Well, I guess that it's official -- we're starting to get into Torsion
Physics at American Antigravity. This has been a difficult topic since day
#1, because the physics is so difficult -- however, what I'm working on
achieving are overview-level articles & interviews to help express the
important concepts without the confusion of the equations themselves.
Paul Murad has just finished an introductory-level article on this topic
explaining some of the key ideas in it, and I've interviewed Jack Sarfatti,
the renowned physicist working on a specialized version of Torsion Theory.
Stay tuned, because we're also adding an in-depth interview by physicist
Gennady Shipov on these ideas in the next week.
This may all sound very obscure, but it's actually a direct extension of the
work that I did on the Nazi-Bell story. The World-War II era research is
great, but I'm not a historian: I want to put these ideas into practical
use. Thus, after a bit of research, I found that the ideas from Einstein's
Unified Field Theory evolved into a healthy body of Torsion Research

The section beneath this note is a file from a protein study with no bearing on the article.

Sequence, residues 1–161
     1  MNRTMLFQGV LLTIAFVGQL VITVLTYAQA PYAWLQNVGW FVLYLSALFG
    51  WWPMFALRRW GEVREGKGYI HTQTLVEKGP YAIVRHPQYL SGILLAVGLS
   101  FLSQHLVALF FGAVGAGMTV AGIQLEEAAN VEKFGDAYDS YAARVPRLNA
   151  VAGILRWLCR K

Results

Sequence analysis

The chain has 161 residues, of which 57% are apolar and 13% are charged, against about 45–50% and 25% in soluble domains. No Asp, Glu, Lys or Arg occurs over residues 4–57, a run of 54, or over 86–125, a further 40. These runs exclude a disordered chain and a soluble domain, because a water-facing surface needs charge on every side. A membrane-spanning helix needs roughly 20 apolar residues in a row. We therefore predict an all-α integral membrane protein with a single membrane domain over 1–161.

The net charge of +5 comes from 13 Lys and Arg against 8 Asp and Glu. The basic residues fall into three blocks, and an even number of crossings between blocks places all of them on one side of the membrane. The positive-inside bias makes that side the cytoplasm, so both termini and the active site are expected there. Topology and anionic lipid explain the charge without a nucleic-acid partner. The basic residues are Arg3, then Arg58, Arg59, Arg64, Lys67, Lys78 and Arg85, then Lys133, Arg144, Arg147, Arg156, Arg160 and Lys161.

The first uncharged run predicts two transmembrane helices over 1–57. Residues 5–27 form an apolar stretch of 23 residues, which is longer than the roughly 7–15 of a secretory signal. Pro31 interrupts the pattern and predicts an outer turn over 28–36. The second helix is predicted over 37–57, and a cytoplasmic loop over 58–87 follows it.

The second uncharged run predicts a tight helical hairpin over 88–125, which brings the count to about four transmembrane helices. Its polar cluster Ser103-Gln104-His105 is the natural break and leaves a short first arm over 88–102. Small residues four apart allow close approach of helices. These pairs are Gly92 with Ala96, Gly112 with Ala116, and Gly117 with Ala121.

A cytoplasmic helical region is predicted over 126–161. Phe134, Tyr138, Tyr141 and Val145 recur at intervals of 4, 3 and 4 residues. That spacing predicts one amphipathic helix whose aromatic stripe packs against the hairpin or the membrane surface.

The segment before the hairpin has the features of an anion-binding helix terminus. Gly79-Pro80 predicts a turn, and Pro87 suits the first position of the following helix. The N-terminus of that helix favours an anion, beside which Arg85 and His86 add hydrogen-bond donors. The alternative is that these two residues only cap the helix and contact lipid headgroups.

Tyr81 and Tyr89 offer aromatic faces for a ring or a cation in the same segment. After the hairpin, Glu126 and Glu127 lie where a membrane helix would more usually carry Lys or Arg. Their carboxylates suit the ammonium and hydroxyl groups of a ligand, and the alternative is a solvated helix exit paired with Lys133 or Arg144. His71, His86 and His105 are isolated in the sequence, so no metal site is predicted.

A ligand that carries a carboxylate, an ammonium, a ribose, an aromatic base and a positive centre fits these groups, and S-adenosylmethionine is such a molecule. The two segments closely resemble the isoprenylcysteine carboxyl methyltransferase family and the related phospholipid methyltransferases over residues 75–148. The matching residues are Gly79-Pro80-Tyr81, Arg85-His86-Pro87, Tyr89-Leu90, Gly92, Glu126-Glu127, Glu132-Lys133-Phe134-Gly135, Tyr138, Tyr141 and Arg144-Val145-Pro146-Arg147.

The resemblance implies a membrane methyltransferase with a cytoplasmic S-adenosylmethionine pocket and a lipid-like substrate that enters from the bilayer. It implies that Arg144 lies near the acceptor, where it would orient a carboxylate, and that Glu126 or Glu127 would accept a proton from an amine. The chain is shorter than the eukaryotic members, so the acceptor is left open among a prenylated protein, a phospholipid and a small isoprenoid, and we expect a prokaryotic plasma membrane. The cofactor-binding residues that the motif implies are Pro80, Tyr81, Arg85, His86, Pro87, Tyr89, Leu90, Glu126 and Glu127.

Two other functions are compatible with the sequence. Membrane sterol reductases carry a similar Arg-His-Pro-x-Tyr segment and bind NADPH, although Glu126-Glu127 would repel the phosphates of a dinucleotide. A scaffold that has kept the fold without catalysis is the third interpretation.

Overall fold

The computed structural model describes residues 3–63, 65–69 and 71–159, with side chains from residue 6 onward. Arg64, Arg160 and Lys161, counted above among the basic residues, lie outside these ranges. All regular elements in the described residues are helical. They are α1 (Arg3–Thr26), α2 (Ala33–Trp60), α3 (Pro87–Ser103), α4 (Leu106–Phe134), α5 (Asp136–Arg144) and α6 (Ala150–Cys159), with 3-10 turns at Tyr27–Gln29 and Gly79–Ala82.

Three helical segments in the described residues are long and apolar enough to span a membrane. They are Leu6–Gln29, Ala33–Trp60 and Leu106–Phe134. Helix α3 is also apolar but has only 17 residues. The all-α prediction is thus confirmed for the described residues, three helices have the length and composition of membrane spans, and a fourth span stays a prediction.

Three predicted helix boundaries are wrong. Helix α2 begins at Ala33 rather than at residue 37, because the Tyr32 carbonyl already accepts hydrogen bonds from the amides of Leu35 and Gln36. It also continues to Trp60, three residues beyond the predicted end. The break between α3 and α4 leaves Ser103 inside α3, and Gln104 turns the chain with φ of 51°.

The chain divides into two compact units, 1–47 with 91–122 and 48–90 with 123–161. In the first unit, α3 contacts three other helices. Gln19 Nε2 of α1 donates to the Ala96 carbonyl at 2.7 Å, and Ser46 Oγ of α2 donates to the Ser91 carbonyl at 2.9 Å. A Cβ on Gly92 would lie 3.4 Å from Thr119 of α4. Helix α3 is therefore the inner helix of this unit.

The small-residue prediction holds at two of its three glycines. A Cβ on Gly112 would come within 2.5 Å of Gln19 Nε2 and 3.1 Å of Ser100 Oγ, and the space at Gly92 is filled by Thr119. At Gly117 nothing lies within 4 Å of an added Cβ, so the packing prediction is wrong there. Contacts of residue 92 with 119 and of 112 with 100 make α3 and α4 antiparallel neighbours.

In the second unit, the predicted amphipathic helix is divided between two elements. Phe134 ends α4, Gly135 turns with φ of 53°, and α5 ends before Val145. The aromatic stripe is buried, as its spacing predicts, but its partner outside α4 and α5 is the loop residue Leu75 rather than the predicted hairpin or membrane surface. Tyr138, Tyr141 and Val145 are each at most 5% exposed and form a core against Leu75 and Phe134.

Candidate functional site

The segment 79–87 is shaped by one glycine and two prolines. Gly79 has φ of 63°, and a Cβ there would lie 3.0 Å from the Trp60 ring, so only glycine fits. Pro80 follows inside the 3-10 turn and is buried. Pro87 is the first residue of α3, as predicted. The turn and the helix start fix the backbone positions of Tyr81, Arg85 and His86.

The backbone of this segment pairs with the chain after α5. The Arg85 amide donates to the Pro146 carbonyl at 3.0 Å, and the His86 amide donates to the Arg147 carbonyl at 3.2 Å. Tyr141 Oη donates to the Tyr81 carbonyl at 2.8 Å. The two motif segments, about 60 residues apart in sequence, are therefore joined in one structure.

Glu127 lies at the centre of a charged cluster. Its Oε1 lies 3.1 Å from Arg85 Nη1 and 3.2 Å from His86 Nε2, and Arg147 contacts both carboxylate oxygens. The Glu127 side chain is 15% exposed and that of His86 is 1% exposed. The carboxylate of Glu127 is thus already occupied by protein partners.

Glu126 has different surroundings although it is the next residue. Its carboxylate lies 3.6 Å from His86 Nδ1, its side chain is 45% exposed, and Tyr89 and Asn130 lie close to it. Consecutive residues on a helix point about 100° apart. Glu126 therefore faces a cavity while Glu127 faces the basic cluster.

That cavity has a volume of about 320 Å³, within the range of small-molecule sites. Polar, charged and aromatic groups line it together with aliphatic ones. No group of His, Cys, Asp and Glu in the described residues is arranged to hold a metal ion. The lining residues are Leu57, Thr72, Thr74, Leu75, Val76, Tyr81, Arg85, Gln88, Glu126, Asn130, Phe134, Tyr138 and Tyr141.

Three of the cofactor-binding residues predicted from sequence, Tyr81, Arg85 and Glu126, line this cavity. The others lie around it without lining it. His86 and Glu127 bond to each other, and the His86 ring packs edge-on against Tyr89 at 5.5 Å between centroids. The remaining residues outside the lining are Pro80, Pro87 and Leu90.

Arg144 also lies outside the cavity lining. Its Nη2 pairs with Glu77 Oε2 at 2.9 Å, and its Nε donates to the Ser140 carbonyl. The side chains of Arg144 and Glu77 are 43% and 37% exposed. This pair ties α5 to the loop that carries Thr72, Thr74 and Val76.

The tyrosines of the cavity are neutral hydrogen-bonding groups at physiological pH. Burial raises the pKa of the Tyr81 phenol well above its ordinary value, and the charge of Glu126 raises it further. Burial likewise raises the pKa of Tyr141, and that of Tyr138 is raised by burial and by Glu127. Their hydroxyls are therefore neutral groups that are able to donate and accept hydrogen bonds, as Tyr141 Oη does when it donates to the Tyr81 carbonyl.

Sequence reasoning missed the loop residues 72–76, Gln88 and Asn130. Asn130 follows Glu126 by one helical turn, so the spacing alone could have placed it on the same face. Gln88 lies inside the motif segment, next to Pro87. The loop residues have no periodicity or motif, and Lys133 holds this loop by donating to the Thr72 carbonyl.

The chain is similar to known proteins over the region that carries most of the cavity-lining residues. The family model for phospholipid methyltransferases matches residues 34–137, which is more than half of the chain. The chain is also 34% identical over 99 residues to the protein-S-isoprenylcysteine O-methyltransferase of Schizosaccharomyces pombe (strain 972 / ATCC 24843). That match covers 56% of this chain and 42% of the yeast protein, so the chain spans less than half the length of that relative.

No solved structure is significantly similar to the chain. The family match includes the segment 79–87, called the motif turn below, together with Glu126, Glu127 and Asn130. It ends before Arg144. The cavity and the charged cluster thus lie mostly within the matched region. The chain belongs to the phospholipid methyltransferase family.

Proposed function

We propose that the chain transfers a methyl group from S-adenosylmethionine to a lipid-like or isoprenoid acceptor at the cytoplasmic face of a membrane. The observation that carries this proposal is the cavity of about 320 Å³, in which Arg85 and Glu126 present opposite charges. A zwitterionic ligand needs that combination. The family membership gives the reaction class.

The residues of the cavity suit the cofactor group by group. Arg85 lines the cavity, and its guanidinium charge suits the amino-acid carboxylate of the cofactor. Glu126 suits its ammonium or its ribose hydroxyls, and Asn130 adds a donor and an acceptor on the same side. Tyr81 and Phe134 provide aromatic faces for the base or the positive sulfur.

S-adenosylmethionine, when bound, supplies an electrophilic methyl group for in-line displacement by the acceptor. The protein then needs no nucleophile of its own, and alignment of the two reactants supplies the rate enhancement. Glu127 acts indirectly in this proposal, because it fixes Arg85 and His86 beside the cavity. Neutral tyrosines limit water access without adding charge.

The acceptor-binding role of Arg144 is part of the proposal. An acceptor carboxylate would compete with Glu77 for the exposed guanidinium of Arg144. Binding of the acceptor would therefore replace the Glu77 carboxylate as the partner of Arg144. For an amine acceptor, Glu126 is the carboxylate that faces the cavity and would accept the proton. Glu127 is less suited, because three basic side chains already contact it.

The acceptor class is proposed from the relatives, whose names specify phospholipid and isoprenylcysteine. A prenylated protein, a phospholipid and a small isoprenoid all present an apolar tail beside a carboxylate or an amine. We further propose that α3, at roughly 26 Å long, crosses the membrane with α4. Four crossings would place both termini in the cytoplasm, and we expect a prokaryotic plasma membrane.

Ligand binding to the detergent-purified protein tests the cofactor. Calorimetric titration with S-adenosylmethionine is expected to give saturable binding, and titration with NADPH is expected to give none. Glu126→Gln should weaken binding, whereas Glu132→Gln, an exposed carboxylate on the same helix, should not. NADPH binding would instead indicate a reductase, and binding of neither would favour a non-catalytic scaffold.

beginning in the 1960's, and lasting into contemporary mainstream physics.
What's this all telling us? First, that good ideas are never lost -- just
sometimes overlooked. Also, it helps us to break away from the 1940's-era
work and once again get into some material with relevance to our present day
What's after this? Well, my interview with Dr. Lisa Randall last week was a
tentative step towards transitioning from Torsion-Theory to String & Brane
Theories, although they are still very speculative, and thus will require
additional time to mature. My hope is that by engaging these scientists to
dream about next-generation transportation systems, we can incorporate all
of this scientific research into some near-term ideas for breakthrough
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